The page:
One of the interesting consequences of improved interest rate risk management in the financial sector is that the profitability of financial institutions would be less impacted by changes in interest rate policy. That is, small changes in Fed interest rate policy would no longer impact financial sector profitability.

With interest-rate risk more effectively managed, the big risk left on the books of financial institutions is credit risk—the risk of a recession that substantially diminishes the credit quality of their loan portfolio. Even in the credit risk sector, financial institutions  vastly improved their ability to assess and manage credit risk over the decades—not enough to handle a deep recession such as 2008-2009, but effective credit risk management does limit the ability of the Fed to tap the brakes or hit the accelerator to influence the real economic growth.

Make no mistake, if the Fed were to raise short-term interests sharply above the prevailing rate of inflation, they could no doubt trigger a recession, but macro-economic management and fine-tuning has become less and less possible. This latter point illustrates some of the asymmetry in Fed policy outcomes. The Fed can still cause a recession by tightening too much—often measured by the shape of the yield curve. When short-term rates are equal to long-term bond yields (flat yield curve) or when short-term rates are set above long-term bond yields (inverted yield curve), recessions often follow in one or two years. The other side does not work so well anymore.  Near-zero rates and asset purchases can raise equity and bond prices above what they otherwise would have been, but the impact on the real economy and inflation is virtually non-existent. Put another way, the Fed can still create asset price inflation as it did in the 2010-2016 period of emergency low rates and QE, but the Fed has very limited ability to encourage more growth in an economy already creating jobs at a good pace.

One last caveat is in order:  When an economic recession is caused by a financial market failure such as 2008-2009, central bank buying of assets (i.e., the Fed’s approach) or provision of emergency liquidity loans (i.e., the European Central Bank’s approach) can limit the damage of the recession and prevent a downward spiral into a depression. This ability to contain a recession, however, does not translate into an ability to promote additional economic growth when an economy is already growing again.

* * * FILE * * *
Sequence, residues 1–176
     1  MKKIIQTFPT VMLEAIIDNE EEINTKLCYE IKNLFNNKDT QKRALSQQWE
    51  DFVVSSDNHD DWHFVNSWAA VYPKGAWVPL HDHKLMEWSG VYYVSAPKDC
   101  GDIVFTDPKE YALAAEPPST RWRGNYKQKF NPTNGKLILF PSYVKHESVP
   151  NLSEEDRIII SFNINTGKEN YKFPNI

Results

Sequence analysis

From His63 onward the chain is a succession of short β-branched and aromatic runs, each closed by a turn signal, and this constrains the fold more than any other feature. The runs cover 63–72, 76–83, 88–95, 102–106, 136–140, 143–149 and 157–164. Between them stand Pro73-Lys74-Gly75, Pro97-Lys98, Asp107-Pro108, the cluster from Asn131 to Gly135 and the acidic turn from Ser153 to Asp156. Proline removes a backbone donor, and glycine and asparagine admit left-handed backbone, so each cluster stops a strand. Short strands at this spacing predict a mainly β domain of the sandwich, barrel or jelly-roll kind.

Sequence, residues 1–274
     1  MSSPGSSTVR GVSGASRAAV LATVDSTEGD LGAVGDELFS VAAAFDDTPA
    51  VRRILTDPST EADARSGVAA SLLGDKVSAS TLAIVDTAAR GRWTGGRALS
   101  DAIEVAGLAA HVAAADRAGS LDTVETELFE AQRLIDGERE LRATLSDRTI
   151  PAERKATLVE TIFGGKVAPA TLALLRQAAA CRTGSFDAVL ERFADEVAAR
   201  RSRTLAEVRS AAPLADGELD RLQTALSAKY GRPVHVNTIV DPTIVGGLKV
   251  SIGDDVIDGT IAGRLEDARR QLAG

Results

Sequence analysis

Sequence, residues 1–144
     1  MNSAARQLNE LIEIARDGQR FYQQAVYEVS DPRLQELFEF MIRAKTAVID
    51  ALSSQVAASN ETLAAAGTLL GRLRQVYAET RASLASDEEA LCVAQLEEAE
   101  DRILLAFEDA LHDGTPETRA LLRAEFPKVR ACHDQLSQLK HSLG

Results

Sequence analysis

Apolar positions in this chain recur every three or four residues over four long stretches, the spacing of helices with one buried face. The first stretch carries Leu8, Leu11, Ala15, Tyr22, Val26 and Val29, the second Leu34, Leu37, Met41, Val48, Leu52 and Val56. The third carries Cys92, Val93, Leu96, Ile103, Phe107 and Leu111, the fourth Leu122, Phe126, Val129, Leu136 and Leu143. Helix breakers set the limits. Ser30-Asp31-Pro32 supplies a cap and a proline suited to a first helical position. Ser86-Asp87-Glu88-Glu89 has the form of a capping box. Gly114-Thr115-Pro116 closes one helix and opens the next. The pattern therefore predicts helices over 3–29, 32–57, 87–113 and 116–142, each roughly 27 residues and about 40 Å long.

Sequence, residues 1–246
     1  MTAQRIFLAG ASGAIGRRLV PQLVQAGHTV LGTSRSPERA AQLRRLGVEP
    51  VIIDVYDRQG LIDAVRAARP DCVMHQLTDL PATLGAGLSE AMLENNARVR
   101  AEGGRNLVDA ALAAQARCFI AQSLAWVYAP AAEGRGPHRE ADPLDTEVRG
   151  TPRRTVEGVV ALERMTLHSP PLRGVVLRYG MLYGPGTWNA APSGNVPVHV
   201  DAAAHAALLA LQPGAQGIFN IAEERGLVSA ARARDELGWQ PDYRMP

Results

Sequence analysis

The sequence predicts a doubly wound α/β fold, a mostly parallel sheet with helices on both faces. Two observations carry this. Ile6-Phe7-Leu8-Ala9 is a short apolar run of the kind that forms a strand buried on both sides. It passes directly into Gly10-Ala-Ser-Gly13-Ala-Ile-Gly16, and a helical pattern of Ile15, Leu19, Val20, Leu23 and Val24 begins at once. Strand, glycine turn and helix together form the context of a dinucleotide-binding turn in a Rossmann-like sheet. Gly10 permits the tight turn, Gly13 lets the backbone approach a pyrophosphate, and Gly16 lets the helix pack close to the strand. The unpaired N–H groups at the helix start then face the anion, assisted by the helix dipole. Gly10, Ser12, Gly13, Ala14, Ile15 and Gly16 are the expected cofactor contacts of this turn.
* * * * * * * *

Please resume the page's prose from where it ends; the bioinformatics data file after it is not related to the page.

If not monetary policy, what about fiscal policy?

With monetary policy having failed to produce the additional economic growth and inflation pressure desired by policy makers, the US is embarking on a rather grand experiment in 2018 to see if large permanent corporate tax cuts can encourage economic growth and possibly push inflation a little higher. The outcome will be interesting to observe and is not so clear because the link between tax cuts and spending is quite loose. Corporations may choose to buy back shares, pay larger dividends, refinance debt or make acquisitions—all of which have excellent potential to increase shareholder value and yet may have no impact on the real economy. Only if corporations use the tax cut to pay higher wages or to invest in expansion plans in the US will the domestic real economy see higher spending. Some of this may, indeed, happen. The big question is how much and will it be enough to make a material difference in the growth of the economy. If one assumes tax cuts unambiguously increase spending on goods and services, then higher real growth and inflation pressure follow from the assumption of higher spending demand. If one assumes the permanent tax cuts to corporations and the temporary rate cuts for relatively well-off individuals will not raise spending demand by very much, then of course the impact on growth and inflation will also be small.